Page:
Multiple cases are described in the letter by the education department
An Oregon School District is facing discrimination allegations. The list of charges includes forcing an LGBTQ student to read passages from the Bible as punishment. The spotlight is now on whether the LGBTQ students are discriminated against after they report sexual harassment. The Oregon Department of Education sent a detailed list of allegations to Bill Yester, the District Superintendent in a letter dated March 6.
The letter elaborates there exists “substantial evidence to support the allegation that the district subjected LGBTQ students to separate or different rules of behavior, sanctions, or other treatment.” A hearing is scheduled on May 24. The state officials will then determine whether the district violated federal and state anti-discrimination laws.
The allegations were written out in detail from the education department to Bill Yester, the Superintendent of North Bend School District. Several severe cases were described. One of them is an account narrated by a student who was hit by another student by a skateboard. The assaulter used a skateboard to hit her hand while making homophobic comments. Upon complaining to the school resource officer, the officer was dismissive and said that homosexuality was a choice and is incompatible with personal religious beliefs.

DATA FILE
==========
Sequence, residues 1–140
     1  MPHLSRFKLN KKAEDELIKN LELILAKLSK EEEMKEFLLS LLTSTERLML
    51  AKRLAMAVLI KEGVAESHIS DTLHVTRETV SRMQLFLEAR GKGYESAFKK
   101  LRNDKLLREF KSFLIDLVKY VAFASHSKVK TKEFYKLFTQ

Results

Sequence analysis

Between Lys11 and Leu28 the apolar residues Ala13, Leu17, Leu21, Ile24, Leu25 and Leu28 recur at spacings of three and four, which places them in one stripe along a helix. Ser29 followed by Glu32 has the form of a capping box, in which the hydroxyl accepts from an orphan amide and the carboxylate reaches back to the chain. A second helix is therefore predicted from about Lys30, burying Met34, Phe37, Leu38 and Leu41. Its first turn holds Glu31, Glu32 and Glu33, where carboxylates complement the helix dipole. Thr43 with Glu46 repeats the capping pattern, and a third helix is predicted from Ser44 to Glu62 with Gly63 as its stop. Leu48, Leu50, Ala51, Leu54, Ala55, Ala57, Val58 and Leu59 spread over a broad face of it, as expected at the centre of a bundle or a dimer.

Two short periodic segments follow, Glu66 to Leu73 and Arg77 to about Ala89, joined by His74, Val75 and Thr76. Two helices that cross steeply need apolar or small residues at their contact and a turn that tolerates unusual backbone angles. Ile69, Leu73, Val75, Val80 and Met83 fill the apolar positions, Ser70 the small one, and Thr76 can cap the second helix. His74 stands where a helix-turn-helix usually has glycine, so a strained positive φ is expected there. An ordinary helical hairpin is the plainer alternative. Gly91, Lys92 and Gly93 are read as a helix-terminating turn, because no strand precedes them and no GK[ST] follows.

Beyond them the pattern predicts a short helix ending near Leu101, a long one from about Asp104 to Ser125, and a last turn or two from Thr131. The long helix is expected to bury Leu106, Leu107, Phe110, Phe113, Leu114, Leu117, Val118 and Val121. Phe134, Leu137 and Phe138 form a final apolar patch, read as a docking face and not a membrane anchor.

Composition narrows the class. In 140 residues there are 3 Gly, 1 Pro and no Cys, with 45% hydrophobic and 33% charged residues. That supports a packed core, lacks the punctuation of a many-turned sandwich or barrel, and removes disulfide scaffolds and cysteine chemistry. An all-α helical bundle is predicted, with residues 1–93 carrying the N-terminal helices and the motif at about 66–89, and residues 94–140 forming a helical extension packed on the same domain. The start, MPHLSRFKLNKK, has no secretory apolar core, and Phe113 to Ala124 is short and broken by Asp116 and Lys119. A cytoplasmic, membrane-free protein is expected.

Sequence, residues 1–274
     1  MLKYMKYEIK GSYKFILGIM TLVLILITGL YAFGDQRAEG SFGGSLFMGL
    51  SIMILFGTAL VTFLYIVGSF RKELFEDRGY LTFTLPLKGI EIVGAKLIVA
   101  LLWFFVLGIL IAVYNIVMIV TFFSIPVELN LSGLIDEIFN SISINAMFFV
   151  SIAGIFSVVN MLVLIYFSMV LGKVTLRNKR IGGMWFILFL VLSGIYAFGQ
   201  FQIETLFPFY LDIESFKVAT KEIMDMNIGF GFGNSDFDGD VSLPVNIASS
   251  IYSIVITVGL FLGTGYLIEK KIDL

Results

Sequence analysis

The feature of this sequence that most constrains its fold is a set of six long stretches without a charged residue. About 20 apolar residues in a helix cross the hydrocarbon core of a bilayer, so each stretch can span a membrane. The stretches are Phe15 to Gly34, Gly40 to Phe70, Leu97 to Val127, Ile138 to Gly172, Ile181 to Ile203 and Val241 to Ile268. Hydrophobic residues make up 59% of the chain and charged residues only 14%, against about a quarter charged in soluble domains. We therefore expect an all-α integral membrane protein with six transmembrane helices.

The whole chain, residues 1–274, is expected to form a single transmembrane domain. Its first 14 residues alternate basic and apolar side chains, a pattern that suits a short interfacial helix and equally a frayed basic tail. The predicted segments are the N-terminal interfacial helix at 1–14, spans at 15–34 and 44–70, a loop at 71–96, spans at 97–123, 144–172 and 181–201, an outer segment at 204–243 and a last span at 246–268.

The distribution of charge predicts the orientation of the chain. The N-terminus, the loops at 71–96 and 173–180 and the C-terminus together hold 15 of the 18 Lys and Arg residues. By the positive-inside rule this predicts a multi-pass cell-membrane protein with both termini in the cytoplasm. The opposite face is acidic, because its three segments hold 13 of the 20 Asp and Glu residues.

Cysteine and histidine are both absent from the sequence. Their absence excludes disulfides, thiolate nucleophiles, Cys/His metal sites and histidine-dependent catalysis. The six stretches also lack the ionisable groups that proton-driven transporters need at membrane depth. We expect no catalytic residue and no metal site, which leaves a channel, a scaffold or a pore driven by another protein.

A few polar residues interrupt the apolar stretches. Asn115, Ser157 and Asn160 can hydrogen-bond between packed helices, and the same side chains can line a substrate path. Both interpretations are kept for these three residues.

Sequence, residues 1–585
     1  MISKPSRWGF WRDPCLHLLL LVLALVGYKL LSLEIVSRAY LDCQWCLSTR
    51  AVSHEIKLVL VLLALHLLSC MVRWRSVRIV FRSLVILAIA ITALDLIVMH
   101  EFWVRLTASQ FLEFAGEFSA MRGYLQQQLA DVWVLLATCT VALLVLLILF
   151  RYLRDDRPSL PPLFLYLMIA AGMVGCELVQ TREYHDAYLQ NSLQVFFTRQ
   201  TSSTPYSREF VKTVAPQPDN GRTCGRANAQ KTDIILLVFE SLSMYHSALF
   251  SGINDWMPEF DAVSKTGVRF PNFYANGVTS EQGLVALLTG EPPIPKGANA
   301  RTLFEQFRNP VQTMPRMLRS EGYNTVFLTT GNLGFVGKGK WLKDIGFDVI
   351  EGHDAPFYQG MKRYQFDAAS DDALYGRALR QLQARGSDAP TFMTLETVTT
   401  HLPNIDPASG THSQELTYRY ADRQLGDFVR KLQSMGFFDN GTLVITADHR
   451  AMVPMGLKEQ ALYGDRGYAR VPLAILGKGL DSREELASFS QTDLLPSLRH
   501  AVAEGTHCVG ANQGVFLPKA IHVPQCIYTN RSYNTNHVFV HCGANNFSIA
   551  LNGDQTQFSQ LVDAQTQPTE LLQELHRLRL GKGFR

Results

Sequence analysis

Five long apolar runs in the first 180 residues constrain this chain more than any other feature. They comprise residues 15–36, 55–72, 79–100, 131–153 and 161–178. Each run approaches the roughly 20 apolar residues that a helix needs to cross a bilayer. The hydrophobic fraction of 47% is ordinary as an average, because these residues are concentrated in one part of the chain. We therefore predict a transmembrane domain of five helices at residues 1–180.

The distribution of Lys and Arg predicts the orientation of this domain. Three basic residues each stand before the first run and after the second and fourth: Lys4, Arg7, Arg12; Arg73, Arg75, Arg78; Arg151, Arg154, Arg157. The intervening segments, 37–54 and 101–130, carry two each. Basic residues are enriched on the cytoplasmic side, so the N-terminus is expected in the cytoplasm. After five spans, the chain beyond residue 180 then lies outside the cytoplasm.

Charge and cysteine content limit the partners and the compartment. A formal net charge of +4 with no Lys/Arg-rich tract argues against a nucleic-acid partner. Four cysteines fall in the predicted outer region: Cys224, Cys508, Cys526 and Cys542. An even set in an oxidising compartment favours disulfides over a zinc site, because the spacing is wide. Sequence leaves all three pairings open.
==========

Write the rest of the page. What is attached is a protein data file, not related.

If that were my child, I';d be suing! https://t.co/a49TLx7RSH
— Mel J. Fleming II (@acknchip) May 13, 2018
Another case described involved the student being forced by the superintendent to read a Bible passage as punishment on multiple occasions. When state education officials questioned the building administrator, the latter admitted he regards the reading of the Bible as a kind of discipline. In yet another instance, a teacher during her class discussion said if marriage same-sex marriage is permissible, then it should also be permitted to marry a dog.
In a statement, the district said that these events occurred over a number of years and “had not been brought to the district’s attention.” Mark Mayer of the ODE, responsible for complaints and appeals, said that the concerned students didn’t have a choice but to acquiesce the building administrator's brand of punishment. Such punishments, the statement continued, had a “chilling effect on the LGBTQ students” who wanted to complain through the complaint process of the district.